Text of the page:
FILED: November 3, 1999


In the Matter of the Compensation of
Iris K. Scott, Claimant.






(97-10026; CA A104728)

Judicial Review from Workers' Compensation Board.

Argued and submitted June 18, 1999.

Brad G. Garber argued the cause for petitioner. With him on the brief was Meyers, Radler, Replogle, Roberts & Miller.

Janet H. Breyer argued the cause for respondent. With her on the brief were Philip H. Garrow and Philip H. Garrow, Attorneys at Law.

Before Landau, Presiding Judge, and Linder and Brewer, Judges.


Reversed and remanded for reconsideration.


Employer seeks review of an order of the Workers' Compensation Board awarding claimant scheduled permanent partial disability benefits. Employer contends that the board erred in finding that employer failed to file a timely request for reconsideration of the Determination Order awarding the disability benefits. We agree and reverse and remand for reconsideration.

The relevant facts are not disputed. Claimant developed compensable carpal tunnel syndrome. Her claim was accepted, treated, and ultimately closed by a July 14, 1997, Determination Order awarding her permanent partial disability benefits. On September 9, 1997, employer sent a letter to the Department of Consumer and Business Services Benefit Consultation Unit (BCU) stating that "we are requesting reconsideration of the Determination Order." On September 30, 1997, employer filed a second reconsideration request with the Department of Consumer and Business Services Appellate Review Unit (ARU), labeled as such and containing, among other things, claimant's name, social security number, and other identifying information. Claimant filed a "cross-request" for reconsideration, which, among other things, challenged the timeliness of employer's reconsideration request.

The ARU issued an Order on Reconsideration reducing claimant's award. The order did not address the timeliness of employer's request for reconsideration. Claimant requested a hearing on that order.

The Administrative Law Judge (ALJ) vacated the Order on Reconsideration on the ground that employer had failed to file a timely request for reconsideration. The ALJ concluded that the September 30 request was untimely because it was sent more than 60 days after the issuance of the Determination Order and that the September 9 letter sent to the BCU was inadequate because it did not contain all of the information required by rule to be contained in a valid reconsideration request. The ALJ further found that the letter actually was not intended to act as a reconsideration request, only a notice of employer's intention to file such a request some time in the future.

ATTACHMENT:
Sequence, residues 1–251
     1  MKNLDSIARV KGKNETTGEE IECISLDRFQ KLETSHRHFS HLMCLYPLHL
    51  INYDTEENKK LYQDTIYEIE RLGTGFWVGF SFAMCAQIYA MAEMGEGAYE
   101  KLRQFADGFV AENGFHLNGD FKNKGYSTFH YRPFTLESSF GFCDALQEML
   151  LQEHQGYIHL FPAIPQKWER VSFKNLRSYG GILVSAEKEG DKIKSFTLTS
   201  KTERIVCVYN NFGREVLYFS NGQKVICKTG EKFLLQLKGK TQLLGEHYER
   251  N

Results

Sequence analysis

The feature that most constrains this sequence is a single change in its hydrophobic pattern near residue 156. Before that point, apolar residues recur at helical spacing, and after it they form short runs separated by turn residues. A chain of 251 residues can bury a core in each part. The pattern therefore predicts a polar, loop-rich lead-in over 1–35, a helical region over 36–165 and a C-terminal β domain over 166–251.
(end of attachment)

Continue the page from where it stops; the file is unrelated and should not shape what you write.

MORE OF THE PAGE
Employer appealed the ALJ's decision. The board affirmed, but in doing so it declined to review the ALJ's conclusion that the September 9 letter to BCS was legally insufficient and adopted instead what it characterized as the ALJ's "alternative reasoning" that the letter was never intended to constitute a request for reconsideration.

On review, employer contends that the board erred in rejecting its September 9 letter on the ground that it was not intended to be a request for reconsideration. According to employer, the applicable administrative rules contain the requirements for a valid request for reconsideration, and an employer's intent is not among the listed requirements. Claimant acknowledges that an employer's intent is not among the requirements listed in the administrative rule, but argues that "the board did not add an 'intent' requirement to the reconsideration request procedures. Instead, the board looked to employer's 'intent' with respect to the September 9 letter as an analytic tool." In any event, claimant argues, the September 9 letter did not comply with the requirements of the rule.

ORS 656.268(5)(b) provides that a party seeking review of a Determination Order must request reconsideration within 60 days of the date of the Determination Order. What constitutes a valid request for reconsideration is defined by administrative rule. OAR 436-030-0125 provides that a valid request for reconsideration must contain, among other things, the worker's name, WCD file number, and date of injury. The rule also requires that the request be labeled in bold print "REQUEST FOR RECONSIDERATION" and that it include a signed certification stating that the party has supplied copies of the request along with supporting documentation to all other interested parties.

An agency must follow its own rules. Aetna Casualty & Surety Co. v. Sue A.

Blanton, D.C., 139 Or App 283, 287, 911 P2d 363 (1996). Although we will defer to an agency's plausible construction of its own rules, we may not permit an agency to read into its rules requirements that are inconsistent with their wording, their context, or any other source of law. Don't Waste Oregon Comm. v. Energy Facility Siting Council, 320 Or 132, 142, 881 P2d 119 (1994).

In this case, the applicable administrative rules set forth the requirements for a valid reconsideration request. The board found it unnecessary to review the ALJ's conclusion that employer's September 9 letter to BCS did not satisfy those requirements. Instead, the board found that, regardless of whether the letter satisfied the formal requirements of the administrative rule, it must be rejected because it was not intended to be a reconsideration request. In so finding, the board erred. OAR 436-030-0125 says nothing about the intentions of the individual submitting a reconsideration request, and nothing in the language of the rule can be read implicitly to permit the board to add such a requirement. Either the requirements of the rule have been satisfied or not. On remand, the board must determine which is the case, without reference to employer's intentions.

Reversed and remanded for reconsideration.

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